Farmily Appreciation, Trouble w/ ‘Curbits, & Growing A Revolution

Just, Thanks - From the Family


For everyone who is wondering, Elias and fam are doing really well. We deeply appreciate all of the words of congratulation, the small gifts, the prepared food, the cups of coffee. Especially the cups of coffee. With most every “how’s the baby?” and “hey, here’s a cup of coffee because you probably need it,” I think about the foundation on which all of this, the farm, the family, the CSA, has been built. I’m not sure I can adequately fit seven+ years worth of farm history into a paragraph to illustrate how great our community really is, but I do want to express our gratitude for every CSA member, every fellow farmer/maker, and the farmers, Nathan and Michelle Howell and Martin and Joleen Stone among several others, for founding Community Farmers Market, the market we consider not only our primary place of business, but our second home. As much as our thriving depends on healthy soil, so too does it depend on healthy community. The two, together, have given us a profound sense of place, something we longed for since first reading The Art of the Common Place by Wendell Berry, or in Jordan’s case Animal Vegetable Miracle by Barbara Kingsolver, seven years ago.

Speaking of a sense of place, we’ve been planning for our second Winter season on the new-to-us farm. In the five years we’ve been farming for a living, we’ve started over four times, so it’s a welcome change to know we’re not going anywhere for the foreseeable future. Not only are we planning what to grow for Winter CSA, we’re also seeding beds to cover crops to improve them for next Spring (i.e. keeping roots in the soil to hold it in place and feed the soil biology). Be ready for details and openings beginning next week!

Trouble with Cucurbits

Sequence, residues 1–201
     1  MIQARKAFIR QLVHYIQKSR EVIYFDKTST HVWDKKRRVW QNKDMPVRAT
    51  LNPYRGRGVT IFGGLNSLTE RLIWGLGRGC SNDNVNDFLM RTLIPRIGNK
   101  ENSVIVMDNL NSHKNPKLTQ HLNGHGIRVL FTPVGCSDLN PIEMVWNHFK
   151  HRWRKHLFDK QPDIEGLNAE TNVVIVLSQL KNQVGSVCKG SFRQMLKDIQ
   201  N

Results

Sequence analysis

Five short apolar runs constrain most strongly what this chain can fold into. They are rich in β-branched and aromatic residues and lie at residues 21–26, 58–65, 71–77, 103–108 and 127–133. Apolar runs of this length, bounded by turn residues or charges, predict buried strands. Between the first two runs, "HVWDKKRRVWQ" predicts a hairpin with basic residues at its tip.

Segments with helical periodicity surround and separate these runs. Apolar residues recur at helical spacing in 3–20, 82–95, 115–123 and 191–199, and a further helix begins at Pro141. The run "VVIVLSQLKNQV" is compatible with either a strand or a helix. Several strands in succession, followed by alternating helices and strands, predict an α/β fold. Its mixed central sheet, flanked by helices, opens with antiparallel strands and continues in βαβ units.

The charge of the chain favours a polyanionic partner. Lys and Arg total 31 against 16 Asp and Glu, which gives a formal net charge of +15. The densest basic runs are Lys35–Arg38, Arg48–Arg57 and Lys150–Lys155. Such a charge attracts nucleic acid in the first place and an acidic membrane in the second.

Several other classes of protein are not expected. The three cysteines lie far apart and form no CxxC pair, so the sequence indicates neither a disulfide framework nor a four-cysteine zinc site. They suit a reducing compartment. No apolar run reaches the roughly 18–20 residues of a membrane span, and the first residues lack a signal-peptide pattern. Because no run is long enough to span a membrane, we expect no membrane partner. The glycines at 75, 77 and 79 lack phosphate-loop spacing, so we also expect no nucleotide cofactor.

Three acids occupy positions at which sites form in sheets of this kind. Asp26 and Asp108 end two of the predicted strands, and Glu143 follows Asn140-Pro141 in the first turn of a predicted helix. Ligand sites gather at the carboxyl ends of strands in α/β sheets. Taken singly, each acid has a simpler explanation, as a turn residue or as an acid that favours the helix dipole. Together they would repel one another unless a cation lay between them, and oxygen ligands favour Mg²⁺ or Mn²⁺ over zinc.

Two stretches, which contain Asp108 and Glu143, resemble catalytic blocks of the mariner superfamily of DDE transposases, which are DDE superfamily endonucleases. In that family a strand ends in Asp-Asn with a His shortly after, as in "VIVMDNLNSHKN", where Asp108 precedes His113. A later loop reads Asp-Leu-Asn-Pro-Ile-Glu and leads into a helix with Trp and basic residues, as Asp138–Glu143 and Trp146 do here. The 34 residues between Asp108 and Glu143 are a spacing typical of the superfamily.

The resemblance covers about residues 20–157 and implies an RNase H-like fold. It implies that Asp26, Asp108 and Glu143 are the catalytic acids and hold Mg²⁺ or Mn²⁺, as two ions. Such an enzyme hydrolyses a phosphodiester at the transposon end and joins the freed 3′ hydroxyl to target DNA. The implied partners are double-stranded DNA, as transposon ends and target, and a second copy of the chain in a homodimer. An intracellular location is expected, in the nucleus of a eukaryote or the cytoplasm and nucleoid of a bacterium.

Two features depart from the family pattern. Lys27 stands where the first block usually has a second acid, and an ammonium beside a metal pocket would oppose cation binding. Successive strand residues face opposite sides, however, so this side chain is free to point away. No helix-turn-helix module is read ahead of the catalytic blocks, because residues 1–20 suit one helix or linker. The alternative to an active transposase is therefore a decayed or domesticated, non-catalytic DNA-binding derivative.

“A continuously happy life produces extremely unhappy consequences. In nature we see that there are not always pleasant springs and fruitful summers, and sometimes autumn is rainy and winter cold and snowy, and there is flooding and wind and storms, and moreover the crops fail and there are famine, troubles, sicknesses and many other misfortunes. All of this is beneficial so that man might learn through prudence, patience and humility. For the most part, in times of plenty he forgets himself, but in times of various sorrows he becomes more attentive to his salvation.”

St. Ambrose of Optima

Presently, however, we’re still struggling with our cucurbit crops. Our second planting has already come and gone, with little squash and zucchini to speak of and no cucumber, yet again. The third succession is still a couple of weeks away from producing—third times a charm?—and we’re going to do what we can within our scope of practice. But, we may also have to rethink our approach to this family of crops entirely next year. There is an idea in the growing body of research on soil biology that asserts healthy soil microbiology (think of it as the soil microbiome) directly supports the immune system of healthy plants, making them naturally more resistant to pest and disease, exactly the same way that healthy human beings are more resilient. Sometimes, even the most healthy of people need an intervention, and we’re doing our best to figure out where to draw the line in the short-term without negatively effecting our long-term goals. Healthy soil doesn’t happen overnight, it may take a few seasons and we’re hesitant to intervene in a manner that would take two steps back. Again, the line between ideals and the real-world collide. Fortunately, we grow many different crops, and the failure of one or two isn’t as disastrous as it could otherwise be. There are still several crops in the field doing really well.

Growing a Revolution

“There is no profession which for its successful practice requires a larger extent of knowledge than agriculture, and none in which the actual ignorance is greater.”

Justus von Liebig